Scientific advancement or invasion of privacy?

On the Talk last week, Sharon Osbourne talked about a new medical test which gave all the possible issues with a person medically.  It will give an indicator of whether you will have cancer, diabetes, mental illness, and so on.  She was raving about how her husband and herself had the test done and they were promoting it.  My first question is who will that information be released to?  If it is going to the insurance companies are they going to be able to deny coverage because this test shows something negative?  Will the individual be denied admittance to schools or jobs because it shows the individual isn’t at the intelligence level required? 

I think science is fabulous and has had some amazing advancements but this is one where I think we are opening a can of worms.  I think it puts us one step forward into a situation where people will have this test done and be discriminated against because of the results. 

Did anyone know that all babies DNA is taken and put into a national database?  This has been done since the mid-1980s.  Now I have three girls born in that era and I have no idea whether their information is included in that database but I sure wasn’t asked if I wanted it done.  I don’t believe it is even told to parents that some of the blood taken from their newborn is going to that.  It might be useful to have that information in a database but my question is – how protected is the information?  Who is watching out for the privacy of these children?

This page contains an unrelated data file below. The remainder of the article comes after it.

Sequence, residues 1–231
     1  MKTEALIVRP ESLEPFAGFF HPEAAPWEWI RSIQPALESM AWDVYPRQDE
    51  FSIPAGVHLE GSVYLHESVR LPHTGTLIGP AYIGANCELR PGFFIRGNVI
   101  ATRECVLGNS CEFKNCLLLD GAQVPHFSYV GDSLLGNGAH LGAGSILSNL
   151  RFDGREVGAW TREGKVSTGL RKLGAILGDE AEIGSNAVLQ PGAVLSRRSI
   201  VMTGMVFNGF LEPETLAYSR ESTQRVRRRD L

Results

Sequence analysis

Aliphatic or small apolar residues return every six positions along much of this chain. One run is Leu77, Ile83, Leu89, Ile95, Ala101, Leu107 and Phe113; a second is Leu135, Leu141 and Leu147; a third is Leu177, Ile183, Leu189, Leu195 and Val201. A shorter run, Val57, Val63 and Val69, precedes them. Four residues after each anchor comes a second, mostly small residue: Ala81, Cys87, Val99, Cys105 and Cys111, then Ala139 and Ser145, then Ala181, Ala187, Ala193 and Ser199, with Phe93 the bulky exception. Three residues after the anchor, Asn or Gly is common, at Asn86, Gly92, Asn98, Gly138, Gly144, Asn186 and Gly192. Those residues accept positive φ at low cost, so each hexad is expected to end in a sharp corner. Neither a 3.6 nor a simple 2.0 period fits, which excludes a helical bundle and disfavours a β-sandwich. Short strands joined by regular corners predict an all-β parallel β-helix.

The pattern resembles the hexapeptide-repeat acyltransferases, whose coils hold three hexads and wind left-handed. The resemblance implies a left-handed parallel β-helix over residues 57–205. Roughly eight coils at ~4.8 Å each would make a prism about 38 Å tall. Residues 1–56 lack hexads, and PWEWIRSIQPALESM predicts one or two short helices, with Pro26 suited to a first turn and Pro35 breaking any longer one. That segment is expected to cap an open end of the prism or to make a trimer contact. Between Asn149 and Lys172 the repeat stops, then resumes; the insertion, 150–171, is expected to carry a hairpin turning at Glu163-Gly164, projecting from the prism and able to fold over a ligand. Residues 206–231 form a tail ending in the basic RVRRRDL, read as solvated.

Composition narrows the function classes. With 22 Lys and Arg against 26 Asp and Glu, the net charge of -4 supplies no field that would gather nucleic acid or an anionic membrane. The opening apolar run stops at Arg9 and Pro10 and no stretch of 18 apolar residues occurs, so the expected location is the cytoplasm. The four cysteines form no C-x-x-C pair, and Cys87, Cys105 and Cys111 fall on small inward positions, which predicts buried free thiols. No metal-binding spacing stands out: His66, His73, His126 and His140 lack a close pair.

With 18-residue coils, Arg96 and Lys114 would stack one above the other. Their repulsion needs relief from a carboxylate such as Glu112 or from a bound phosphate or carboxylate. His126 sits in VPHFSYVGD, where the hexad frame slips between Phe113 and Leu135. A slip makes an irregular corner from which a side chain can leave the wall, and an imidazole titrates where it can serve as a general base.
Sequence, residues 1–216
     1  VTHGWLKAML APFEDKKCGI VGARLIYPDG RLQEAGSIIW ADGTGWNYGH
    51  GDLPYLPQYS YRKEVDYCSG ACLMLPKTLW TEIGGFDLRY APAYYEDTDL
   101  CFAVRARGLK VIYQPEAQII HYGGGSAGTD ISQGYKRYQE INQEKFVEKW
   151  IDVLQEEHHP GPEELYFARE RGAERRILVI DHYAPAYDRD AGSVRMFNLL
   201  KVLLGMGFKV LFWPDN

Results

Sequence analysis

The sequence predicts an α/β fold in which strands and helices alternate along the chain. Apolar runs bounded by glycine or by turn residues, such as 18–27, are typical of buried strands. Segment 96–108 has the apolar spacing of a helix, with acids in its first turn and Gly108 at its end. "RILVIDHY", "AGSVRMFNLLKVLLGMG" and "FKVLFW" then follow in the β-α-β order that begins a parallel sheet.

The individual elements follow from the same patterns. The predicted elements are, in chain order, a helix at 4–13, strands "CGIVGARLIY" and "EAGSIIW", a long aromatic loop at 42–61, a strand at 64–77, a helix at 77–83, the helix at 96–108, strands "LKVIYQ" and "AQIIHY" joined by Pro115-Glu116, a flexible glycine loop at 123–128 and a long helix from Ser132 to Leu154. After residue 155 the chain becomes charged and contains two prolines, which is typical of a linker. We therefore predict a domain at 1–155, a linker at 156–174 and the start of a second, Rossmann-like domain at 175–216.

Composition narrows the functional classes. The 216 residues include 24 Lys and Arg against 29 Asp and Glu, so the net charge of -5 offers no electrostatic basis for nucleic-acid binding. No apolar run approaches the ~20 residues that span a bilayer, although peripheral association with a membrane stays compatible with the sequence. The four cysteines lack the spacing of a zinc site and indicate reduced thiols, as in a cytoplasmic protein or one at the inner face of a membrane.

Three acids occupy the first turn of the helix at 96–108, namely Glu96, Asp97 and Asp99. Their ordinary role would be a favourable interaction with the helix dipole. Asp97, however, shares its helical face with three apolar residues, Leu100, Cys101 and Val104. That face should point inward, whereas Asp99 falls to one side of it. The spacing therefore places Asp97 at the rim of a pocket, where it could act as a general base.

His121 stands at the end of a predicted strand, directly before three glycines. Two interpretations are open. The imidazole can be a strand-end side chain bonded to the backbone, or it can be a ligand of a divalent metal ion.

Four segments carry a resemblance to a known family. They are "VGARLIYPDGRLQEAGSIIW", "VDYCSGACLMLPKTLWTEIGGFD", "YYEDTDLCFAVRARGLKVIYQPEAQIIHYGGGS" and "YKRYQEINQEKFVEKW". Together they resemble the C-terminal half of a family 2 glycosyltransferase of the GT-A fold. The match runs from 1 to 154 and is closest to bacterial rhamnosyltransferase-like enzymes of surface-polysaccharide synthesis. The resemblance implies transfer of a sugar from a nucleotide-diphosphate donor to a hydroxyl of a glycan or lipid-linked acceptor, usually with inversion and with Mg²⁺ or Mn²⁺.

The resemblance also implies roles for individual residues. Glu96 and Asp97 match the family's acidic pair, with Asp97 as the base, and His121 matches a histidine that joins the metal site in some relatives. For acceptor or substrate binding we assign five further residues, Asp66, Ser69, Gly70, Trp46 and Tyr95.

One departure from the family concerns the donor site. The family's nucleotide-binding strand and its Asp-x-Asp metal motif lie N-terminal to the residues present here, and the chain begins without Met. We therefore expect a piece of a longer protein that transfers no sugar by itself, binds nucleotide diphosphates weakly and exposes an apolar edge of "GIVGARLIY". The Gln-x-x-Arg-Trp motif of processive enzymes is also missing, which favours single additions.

Science is great but how are we protecting our privacy and our rights with each advancement?  I’d rather be proactive about it than reactive…

2 thoughts on “Scientific advancement or invasion of privacy?

  1. I have worked as an L&D and newborn nursery RN since the beginning of the 80's. The only blood we took was for the PKU tests that we stuck their heals for. The tests also checks for several other diseases that can lead to mental retardation if not discovered at birth. To my knowledge, those are the only standard blood tests taken. We had to document every time a child was stuck and what it was for. That is just how healthcare is done, as if it was going to be examined in court because you never knew when it was going to be. I think it's doubtful that anyone has your daughter's DNA. You know I would be the first one screaming about it if I thought for a moment that someone was gathering that kind of information.

  2. My daughter took a privacy class and in there she was told that the heel prick goes into a database that is kept. I'll have to ask her who is keeping it – I believe the government is. My question is who has access to the information? How is this affecting what they get for insurance and jobs and so on…

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